He talks about all the crazy stuff they got up to when they were kids. Patrick remembers things differently. Grabber was a bully. But Grabber is deaf to this, high on memories of a past that only he remembers. Patrick looks down and sees that Grabber has begun to cut his long, gnarly toenails with a razorblade. He cuts himself and screams.
      Walking down the hill with James, Patrick now has the whole picture: James hit Ben Hannigan, was charged by the police and sentenced to perform community service…which he managed to get Ructions to do for him. Patrick enjoys the joke at James’s expense.
      Now James needs to collect his Christmas dinner. A lobster. The brothers head for the harbour, swapping stories of the trouble they got into as kids; relaxed in each others’ company now. Patrick points out the remains of the old harbour wall, now sticking up out of a car park since parts of the harbour were filled in. So this car park is where the sea used to be.
      It turns out that the lobster has yet to be caught, but the boat is ready to go. They head out into the bay aboard a fishing boat just as the loveliest part of the late afternoon light plays across the water. This is the job their father used to do. This is the job that James is thinking of returning to. This is the job that Patrick has run away from.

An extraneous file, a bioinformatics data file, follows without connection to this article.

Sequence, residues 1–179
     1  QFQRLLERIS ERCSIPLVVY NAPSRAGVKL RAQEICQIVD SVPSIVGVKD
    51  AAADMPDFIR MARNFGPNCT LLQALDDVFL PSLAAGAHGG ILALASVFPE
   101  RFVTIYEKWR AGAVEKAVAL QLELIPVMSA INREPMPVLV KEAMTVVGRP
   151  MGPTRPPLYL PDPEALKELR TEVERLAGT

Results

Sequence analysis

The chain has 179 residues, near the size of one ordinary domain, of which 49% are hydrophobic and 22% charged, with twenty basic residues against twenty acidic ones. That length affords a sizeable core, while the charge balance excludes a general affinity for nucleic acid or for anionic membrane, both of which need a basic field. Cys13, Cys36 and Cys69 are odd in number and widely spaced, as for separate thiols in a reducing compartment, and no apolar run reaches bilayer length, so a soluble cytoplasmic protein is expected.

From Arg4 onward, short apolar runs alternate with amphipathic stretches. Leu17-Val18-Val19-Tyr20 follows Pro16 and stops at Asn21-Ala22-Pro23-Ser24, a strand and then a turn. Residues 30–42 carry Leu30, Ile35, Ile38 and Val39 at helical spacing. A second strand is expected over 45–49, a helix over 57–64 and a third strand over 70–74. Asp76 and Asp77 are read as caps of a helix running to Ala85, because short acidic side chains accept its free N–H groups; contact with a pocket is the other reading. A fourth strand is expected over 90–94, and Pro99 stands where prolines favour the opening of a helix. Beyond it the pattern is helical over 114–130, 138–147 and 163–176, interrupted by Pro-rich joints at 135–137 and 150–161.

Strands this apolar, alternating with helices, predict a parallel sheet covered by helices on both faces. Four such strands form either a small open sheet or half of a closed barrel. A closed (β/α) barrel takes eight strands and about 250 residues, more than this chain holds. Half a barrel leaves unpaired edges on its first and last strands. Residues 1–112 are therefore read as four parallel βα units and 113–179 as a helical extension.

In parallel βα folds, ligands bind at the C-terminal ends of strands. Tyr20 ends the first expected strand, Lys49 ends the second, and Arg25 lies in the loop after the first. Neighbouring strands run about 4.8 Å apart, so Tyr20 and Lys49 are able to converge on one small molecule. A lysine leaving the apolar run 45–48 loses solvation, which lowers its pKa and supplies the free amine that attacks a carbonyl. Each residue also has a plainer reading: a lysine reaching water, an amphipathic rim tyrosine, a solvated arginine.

The lobster is caught and the boat returns to harbour just as night falls. Patrick agrees to go for a pint with James. Just one.
      It’s early, so the pub is quiet. But the few people there all know Patrick. An old fisherman reckons that he looks exactly like his father. Patrick isn’t sure if this is a compliment. James heads off to see if Aisling has arrived, leaving Patrick with Ructions’ brother Gary, who sits quietly thinking of nasty things to say to him.